It’s no secret that the workplace is getting smarter every day. Through an increasingly connected world, new capabilities such as location-based services and “smart” buildings are becoming more commonplace to create today’s experience-based economy. In the not-so-distant-future, digitally-driven interactions that are personalized for employees, customers and partners will become the norm.

Aruba’s Spring 2018 survey report, The Right Technologies Unlock the Potential of the Digital Workplace, revealed both the business and human benefits of more digitally-driven workplaces, and how companies that are less technologically advanced are at risk of falling behind the competition and unable to attract top talent.

Survey results also revealed lurking danger behind this digital transformation.

Ironically, digital-savvy respondents disclosed taking greater risks with data and information security. Three-quarters (74%) admitted to behaviors that put company passwords, devices and work files at risk – which is 19% higher than those identified as “non-digital” workers (62%).  In either case, this poses a significant challenge.

Based on these findings, it’s clear that security must adapt to factor in unpredictable behaviors: It cannot be assumed that workers at any level will adhere to security best practices just because the workers are more trained or aware of cybersecurity risks.

Below are recommendations that should be considered to deal with internal security threats as the organization transforms to become digitally connected:

  • Acknowledge human error risks: In a recent global survey by the Ponemon Institute in partnership with Aruba, “Closing the IT Security Gap with Automation & AI in the Era of IoT,” nearly half of respondents stated data breaches can be attributed to human error. Establishing a secure defense arsenal is only half of the equation. Organizations also need to acknowledge and plan for risks posed by human frailties. Employees should understand and follow easy-to-perform procedures and policies that adhere to established expectations about sharing and working with sensitive information.  In addition, organizations should establish access policies for anything that connects to the network.  These policies focus not on type of network connection, but on specific roles – finance, engineering, operations, etc. – along with the type of IoT device such as security cameras, smart building controls, manufacturing equipment, and even vending machines. These access policies will help control digitally-savvy employees who know how to skirt around company policies.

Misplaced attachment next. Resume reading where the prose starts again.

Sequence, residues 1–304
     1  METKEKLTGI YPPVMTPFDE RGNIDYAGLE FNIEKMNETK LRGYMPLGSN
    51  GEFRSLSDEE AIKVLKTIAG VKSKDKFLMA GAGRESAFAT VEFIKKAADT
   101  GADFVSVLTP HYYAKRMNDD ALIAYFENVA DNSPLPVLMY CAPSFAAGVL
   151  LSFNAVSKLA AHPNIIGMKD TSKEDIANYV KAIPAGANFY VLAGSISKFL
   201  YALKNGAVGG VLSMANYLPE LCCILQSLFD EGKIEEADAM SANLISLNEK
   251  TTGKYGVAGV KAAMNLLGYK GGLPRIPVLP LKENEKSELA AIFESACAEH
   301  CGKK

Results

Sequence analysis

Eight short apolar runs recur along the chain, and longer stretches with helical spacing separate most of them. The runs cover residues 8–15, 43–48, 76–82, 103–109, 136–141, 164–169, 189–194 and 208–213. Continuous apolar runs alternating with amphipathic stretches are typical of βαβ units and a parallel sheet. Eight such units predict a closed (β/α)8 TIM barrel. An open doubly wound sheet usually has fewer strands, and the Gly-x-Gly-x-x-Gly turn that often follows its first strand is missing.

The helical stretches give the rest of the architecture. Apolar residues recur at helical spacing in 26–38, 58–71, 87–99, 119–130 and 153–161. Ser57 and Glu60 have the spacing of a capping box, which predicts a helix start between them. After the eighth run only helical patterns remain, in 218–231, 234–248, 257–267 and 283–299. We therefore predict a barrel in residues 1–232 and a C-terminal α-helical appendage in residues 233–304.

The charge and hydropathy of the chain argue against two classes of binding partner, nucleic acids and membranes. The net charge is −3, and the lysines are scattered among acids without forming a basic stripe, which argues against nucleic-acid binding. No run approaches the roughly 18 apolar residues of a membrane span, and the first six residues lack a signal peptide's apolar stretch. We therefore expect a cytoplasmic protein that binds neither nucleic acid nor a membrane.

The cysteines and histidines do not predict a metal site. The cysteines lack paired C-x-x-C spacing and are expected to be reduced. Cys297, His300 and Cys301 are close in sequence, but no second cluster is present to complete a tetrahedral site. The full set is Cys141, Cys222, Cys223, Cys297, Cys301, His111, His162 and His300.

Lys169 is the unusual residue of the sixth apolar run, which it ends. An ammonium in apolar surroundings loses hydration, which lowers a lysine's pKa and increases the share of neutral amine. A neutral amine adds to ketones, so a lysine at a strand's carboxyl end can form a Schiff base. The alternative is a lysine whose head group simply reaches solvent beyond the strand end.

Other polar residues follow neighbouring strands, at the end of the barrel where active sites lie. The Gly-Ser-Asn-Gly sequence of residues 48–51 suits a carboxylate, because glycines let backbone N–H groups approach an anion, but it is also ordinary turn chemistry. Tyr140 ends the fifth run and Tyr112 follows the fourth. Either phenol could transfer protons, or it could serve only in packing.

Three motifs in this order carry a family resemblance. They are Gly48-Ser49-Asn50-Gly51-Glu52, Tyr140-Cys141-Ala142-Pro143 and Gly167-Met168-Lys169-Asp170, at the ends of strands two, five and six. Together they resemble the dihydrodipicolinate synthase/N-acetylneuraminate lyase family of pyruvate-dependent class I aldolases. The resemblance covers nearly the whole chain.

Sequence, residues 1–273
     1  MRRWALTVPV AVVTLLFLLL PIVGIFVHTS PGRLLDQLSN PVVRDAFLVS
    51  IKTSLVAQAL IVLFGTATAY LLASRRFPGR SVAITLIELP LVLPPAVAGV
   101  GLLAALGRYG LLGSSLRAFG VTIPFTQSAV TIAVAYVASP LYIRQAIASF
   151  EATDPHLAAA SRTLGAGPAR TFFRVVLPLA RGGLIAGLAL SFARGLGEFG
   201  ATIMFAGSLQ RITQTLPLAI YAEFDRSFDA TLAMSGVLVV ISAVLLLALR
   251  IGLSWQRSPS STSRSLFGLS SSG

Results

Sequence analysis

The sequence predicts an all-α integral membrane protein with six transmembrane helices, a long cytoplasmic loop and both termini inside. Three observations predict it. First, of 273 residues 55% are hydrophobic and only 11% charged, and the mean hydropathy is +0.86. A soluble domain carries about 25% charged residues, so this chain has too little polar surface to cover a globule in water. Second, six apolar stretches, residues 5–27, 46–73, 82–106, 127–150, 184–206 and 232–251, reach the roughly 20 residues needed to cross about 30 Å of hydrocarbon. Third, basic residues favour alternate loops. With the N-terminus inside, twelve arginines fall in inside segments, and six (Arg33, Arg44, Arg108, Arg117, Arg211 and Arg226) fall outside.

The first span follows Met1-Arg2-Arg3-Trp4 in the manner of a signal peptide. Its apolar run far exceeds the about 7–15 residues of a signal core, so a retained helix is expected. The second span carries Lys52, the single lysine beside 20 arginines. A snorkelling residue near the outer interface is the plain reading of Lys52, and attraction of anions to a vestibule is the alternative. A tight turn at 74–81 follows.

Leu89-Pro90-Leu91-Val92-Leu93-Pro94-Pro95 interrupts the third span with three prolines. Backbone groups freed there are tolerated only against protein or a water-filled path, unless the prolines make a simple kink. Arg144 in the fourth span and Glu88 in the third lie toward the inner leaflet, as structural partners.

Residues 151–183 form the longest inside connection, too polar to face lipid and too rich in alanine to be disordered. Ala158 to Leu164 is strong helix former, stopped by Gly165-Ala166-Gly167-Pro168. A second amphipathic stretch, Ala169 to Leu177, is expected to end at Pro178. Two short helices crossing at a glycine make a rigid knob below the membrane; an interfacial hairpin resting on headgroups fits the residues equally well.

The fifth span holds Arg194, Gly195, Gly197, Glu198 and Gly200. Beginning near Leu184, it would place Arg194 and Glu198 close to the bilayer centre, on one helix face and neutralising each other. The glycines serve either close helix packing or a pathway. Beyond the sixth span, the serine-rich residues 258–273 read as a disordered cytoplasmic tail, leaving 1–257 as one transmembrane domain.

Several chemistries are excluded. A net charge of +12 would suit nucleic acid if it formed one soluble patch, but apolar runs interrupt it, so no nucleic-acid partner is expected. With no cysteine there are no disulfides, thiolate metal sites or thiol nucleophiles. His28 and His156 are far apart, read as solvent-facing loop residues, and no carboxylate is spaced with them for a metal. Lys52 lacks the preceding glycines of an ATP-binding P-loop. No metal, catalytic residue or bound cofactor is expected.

• Implement user-friendly security tools. Substandard security implementations lead to poor employee choices and behaviors that add risk. When forced to comply with cumbersome protection policies and procedures that counteract productivity, digitally-savvy workers often circumvent critical protection measures to simplify tasks and accelerate completion of projects and other activities. As part of the planning process, evaluate interfaces and other day-to-day interactions for user-facing security solutions and procedures and reduce the incentives to sidestep them.
  • Success relies on closely monitoring behaviors. Fortunately, a new generation of security solutions are now available to help. These new systems harmonize user-friendliness and protection to deliver an enhanced, yet secure, experience.


Thanks to machine learning and other Artificial Intelligence-based technologies, security teams can now do what was heretofore humanly impossible:  granularly monitor behaviors, patterns, and other activities of employees, guests, contractors, and IoT devices. They use AI-based algorithms that automatically seek out anomalies and other minute behavioral changes that are often indicative of a gestating attack. Once the machine-learning technology pinpoints a compromised user or device, it can then be quickly investigated and removed, or otherwise remediated, before the damage is done.

Based on what we’ve learned from these two surveys, organizations can more quickly arrive at a place where employees are actively contributing to the overall protection strategy by simultaneously taking two pathways. One leads to improved usability or even transparency, which ensures that digital-savvy users will not be tempted to find ways around necessary security controls – let’s consider this, the employees will make choices for themselves. The other leverages advanced analytics to quickly spot compromised or negligent users before a real problem occurs – catching bad behavior and reinforcing good lessons before it becomes a problem. Whether organizations decide to reward or reinforce, the end result is a more secure digital workplace.


This article originally ran in Today’s Cybersecurity Leader, a monthly cybersecurity-focused eNewsletter for security end users, brought to you by Security magazine. Subscribe here.